After the rain and hale of the first school Easter holiday week, which I spent mainly in Italy, the second week has been a swim in a glorious sunshine. Every other morning has been foggy or rainy, but by the time of the elevensies the skies have cleared and the sun has been out. Some days have been warm, some colder, but it has been an Easter of garden meals and a trip to the garden centre. All would be lovely, if there wasn't the bad news of the last night. A sad loss in the family and the time to tell Number One Son about the loss. "I am now a bit sad", was the answer.
However, it has been a time of recovery for me (overwork is not good for anyone) and I begin to be now ready to face the e-mail boxes, applications and editing again. As always, the fanciful ideas of the trips to London or at least to Nottingham have floated away and made room to play in the park, a play date and family lunches. It is a holiday after all, not a performance test. Anyway, Number One Son's holiday homework - a non-fictional book with a list of contents and an index - has kept me busy. It is difficult to work on this project, since Number One Son is not developed enough to figure out what an index really is and his writing is wobbly at its best, but the chosen topic - the cats - keeps him focused. His drawing of our pet cat is actually pretty accurate image of a slim, long young black cat and his cat mummies are fabulous.
After the Easter Saturday spent shopping and the bank holidays cooking, I and Number One Son did our normal treat: a bus trip to the Leicester city centre. Nothing is better than a lunch at McDonald's with a toy and a pop to the toy shop. I must blushingly admit that I bought a Frozen watch to myself - and I am wearing it! Number One Son now owns a Spiderman watch, which became handy in the Finnish Saturday School where he was the only child with a watch. On the day of the trip the watch was more important than Jewry Wall, but the bus ride still has its magic.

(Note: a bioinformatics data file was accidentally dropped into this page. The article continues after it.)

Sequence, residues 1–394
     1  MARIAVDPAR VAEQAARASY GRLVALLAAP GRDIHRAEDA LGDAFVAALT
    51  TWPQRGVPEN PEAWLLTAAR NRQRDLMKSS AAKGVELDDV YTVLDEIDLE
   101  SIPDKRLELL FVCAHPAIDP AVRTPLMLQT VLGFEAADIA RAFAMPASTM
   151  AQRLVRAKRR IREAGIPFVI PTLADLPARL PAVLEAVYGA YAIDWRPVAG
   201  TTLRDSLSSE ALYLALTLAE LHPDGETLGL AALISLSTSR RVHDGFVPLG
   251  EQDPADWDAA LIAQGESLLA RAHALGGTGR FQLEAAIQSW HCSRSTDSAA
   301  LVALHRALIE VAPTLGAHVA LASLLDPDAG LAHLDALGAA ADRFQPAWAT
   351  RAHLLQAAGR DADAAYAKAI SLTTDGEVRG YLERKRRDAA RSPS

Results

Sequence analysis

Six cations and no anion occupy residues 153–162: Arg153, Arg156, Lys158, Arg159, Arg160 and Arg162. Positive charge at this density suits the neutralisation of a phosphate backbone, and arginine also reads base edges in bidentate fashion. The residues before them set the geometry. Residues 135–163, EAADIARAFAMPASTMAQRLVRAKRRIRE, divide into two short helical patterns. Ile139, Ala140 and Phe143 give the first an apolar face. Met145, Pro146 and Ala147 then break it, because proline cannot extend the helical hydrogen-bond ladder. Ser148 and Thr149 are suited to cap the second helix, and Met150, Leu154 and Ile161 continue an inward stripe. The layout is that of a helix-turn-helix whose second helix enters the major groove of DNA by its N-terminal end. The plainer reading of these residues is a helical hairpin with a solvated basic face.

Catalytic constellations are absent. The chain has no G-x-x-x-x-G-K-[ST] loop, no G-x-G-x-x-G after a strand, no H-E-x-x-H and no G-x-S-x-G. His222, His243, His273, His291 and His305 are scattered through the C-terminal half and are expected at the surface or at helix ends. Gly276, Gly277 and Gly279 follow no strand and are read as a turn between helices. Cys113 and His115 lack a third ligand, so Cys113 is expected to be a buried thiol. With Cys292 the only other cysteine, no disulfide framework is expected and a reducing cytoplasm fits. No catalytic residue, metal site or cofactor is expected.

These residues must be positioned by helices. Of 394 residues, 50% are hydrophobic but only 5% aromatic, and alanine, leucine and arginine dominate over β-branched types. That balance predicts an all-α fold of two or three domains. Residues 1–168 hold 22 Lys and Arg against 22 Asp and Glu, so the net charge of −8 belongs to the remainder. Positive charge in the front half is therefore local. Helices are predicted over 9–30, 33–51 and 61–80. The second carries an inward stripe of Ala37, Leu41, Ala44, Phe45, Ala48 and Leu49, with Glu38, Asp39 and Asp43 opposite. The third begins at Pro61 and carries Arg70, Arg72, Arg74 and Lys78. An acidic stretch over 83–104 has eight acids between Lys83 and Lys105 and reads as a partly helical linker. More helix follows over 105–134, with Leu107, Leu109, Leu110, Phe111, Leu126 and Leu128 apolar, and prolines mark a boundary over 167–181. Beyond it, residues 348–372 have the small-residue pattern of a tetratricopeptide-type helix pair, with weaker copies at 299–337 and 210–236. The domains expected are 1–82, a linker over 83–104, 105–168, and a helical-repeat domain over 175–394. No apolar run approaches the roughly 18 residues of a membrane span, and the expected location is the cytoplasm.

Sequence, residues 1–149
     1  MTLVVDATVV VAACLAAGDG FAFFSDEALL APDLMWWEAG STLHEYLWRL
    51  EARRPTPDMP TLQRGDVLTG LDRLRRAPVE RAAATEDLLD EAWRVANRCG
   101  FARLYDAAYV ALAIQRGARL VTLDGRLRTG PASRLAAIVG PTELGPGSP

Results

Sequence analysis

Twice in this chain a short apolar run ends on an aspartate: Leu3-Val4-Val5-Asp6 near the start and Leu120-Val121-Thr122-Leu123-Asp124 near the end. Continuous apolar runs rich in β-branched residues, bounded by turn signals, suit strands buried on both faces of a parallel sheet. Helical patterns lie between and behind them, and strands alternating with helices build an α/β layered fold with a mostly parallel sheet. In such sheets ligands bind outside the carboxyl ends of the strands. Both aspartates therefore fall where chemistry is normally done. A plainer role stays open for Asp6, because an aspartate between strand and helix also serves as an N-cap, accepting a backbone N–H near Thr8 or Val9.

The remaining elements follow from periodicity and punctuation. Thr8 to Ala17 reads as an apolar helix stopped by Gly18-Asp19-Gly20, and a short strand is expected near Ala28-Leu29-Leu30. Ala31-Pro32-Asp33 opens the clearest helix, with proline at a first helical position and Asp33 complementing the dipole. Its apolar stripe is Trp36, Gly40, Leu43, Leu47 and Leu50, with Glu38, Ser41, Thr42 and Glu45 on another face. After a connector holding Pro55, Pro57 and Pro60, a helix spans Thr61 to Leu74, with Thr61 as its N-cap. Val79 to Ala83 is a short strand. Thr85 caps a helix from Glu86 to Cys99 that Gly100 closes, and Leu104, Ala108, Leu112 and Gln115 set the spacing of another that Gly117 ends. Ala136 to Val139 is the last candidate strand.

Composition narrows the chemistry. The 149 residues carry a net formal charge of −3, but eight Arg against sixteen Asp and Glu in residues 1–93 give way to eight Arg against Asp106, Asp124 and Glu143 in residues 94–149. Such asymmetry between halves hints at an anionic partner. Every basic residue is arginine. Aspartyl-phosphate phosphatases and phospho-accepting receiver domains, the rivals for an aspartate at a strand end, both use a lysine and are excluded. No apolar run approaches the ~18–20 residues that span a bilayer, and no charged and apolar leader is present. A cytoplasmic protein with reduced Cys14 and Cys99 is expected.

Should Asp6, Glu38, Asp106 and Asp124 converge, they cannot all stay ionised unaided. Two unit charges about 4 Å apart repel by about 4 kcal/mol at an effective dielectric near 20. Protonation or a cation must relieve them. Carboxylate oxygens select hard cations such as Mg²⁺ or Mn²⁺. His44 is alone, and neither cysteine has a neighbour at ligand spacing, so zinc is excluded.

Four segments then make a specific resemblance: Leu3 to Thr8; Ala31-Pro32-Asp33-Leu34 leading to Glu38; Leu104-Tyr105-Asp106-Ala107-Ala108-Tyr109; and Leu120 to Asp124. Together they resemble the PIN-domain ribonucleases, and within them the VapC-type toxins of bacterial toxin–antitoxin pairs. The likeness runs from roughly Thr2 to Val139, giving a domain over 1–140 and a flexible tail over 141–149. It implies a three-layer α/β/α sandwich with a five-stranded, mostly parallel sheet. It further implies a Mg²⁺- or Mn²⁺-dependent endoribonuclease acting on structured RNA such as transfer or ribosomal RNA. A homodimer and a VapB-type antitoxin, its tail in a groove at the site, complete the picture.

The highlight of the week was Number One Son's first trip to the movies. I had chosen the Big Hero 6, since it seemed the only one I dared to watch myself, but I must admit that it was a bit above Number One Son. I think nine- or twelve-year-olds are the correct target audience, but for Number One Son the most important thing was to get his popcorn. He said he did not like the show, but we made it to the end. The computer graphics were fabulous and there was emotional depth to the story, which was relatively dark. Nonightmares, though.
Now the Cat book is almost ready and we have to decide what to do on the last Sunday of the holidays. Number One Son will definitely not want to see a castle, so I think we try to go to a park farther away and replace his petal collection that had wilted in the car.